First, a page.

Monday, September 21, 2009

ANC effing up land reform

I just can't shake the feeling that this whole land question is going to end very badly. For everyone, not just farmers. And unlike failed parastatals, throwing money at it when it does an Eskom on us won't plough the fields. Oh yes, I've highlighted the portion where the current crop of Zuma thieves say "they don't have to pay for the land because it was stolen from them". That's right, there were large commercial farms present when Van Riebeeck landed and whites just stole the farms from blacks. They believe this stuff. They really do.


The clumsy manner in which the government is currently attempting to push through land reform will cost it dearly, said Theo de Jager, deputy president of Agri SA and its spokesperson on land affairs.

Another ANC plan innie kak -
The department is buying land from farmers, but then failing to pay for it.
Farms collapse as land reform fails
Farmers leaving South Africa
Land claims killing agriculture - Agri SA

Land reform: Killing the Economy
Hundreds of black farms face repossession

Government was now guilty of the very injustice towards white landowners that was perpetrated against black people when they were dispossessed of their land without proper compensation, he said.

Landowners whose properties were embroiled in restitution claims should preserve all the documents related to the process, said De Jager. He was convinced that in 10 years, they will be able to present valid arguments that they were treated unfairly and did not receive proper compensation for their property.

De Jager said the restitution process began to go awry from the start because activists incited people to institute claims that involved almost all the agricultural land in KwaZulu-Natal, Mpumalanga, Limpopo and North West.

"The activists insinuated themselves into the public service and became senior officials, but never hung up their activist jackets to became administrators," said De Jager.

"This has led to corruption, nepotism and self-enrichment while the officials hiked the prices of land for personal gain while placing the blame squarely on the landowners."

The problem was exacerbated as the original deadline for land claims, March 2005, approached and little had been done to finalise the process.

This led to thousands of farms hurriedly being listed in the Government Gazette without the validity of the claims being investigated.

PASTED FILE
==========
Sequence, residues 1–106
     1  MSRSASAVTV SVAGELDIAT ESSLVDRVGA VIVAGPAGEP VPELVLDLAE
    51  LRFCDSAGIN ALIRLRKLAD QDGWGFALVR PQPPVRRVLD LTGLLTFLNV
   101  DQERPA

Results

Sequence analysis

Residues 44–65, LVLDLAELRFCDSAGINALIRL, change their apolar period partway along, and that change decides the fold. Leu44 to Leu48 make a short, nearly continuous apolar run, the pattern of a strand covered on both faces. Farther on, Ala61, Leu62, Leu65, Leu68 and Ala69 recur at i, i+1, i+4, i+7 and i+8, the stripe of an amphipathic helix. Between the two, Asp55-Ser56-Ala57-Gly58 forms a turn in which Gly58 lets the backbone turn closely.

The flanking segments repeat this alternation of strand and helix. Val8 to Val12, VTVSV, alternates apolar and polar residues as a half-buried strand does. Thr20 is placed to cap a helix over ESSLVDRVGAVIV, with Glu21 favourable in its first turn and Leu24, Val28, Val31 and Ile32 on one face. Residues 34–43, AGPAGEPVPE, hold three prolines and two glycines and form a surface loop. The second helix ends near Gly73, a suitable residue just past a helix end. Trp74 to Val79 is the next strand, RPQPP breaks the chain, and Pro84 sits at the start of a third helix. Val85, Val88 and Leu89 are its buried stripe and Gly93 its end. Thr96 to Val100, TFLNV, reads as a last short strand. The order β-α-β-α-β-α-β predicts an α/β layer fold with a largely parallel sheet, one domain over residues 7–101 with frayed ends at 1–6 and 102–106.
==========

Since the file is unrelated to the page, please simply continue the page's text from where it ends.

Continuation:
The department began paying out billions of rands and quickly ran out of money, while the local economies of towns like Utrecht, Levubu, Barberton, Malelane and Tzaneen, where large-scale land claims had been awarded, collapsed.

De Jager said government was now acknowledging that half of the farms that changed ownership owing to land reform were already no longer productive while the rest were following close on their heels.

The problem had been worsened because the Land Reform department has been unable to explain to the auditor-general where R1.15bn of its funds has gone.

Consequently there is no money left to proceed with land reform.

De Jager said when the Zuma government took over the reins in April this year it sounded the death knell for the principle of willing buyer/willing seller, without investigating the real reasons for the hike in property prices.

It is against this background that one should understand the recent remark by Lungu Johnson, chairperson of the parliamentary portfolio committee, that he saw no reason for the government to pay white landowners market-related prices as they had in any case stolen the land, said De Jager

"This has clearly nothing to do with the availability or affordability of land," De Jager argues. "It's an ideological thing."

He pointed out that government is in any event no longer paying market-related prices for land, and in the past 18 months landowners have been intimidated to accept up to 50% less than market value for their properties.

De Jager also expressed concern about the subversive role that he believed commercial banks play in forcing farmers whose farms have been listed, and who are in financial difficulties, to sell them at the reduced prices offered. - Sake24

5 Opinion(s):

Viking said...

Is there no good news today, Dobes??

This is appalling. Welcome to Zimbabwe.

Treacle Bender said...

@ viking...I was thinking the same..

doom and gloom. but then that's what you expect from a gang of greedy 5-year old destroyers of everything beautiful..

..there, now I'm fuckin depressed..hand me my prozac!

Anonymous said...

What did people think would happen once the money started "running" out to actually pay for these farms? Of course they are going to start taking and blame it on those horrible white people who stole their land before Jesus came. Why don't these farmers just salt their lands so that nothing grows after they leave? Never understood the Zim farmers. I would've burnt everything down before I was forced to leave...

SA Greek said...

I agree with Viking.Its only a matter of time for SA to become Zimbabwe.The grandfather of a good friend of my family,also greek descent, still in Zimbabwe,refuses to leave,lost everything except his house,sleeps with a shotgun and has been forced to use it on a number of occasions.He is 80 years old.

Viking said...

@SA Greek
that's incredibly sad. I quite agree with the previous poster who said salt the fields; burn the house, too. Rather that than let some thief have your property.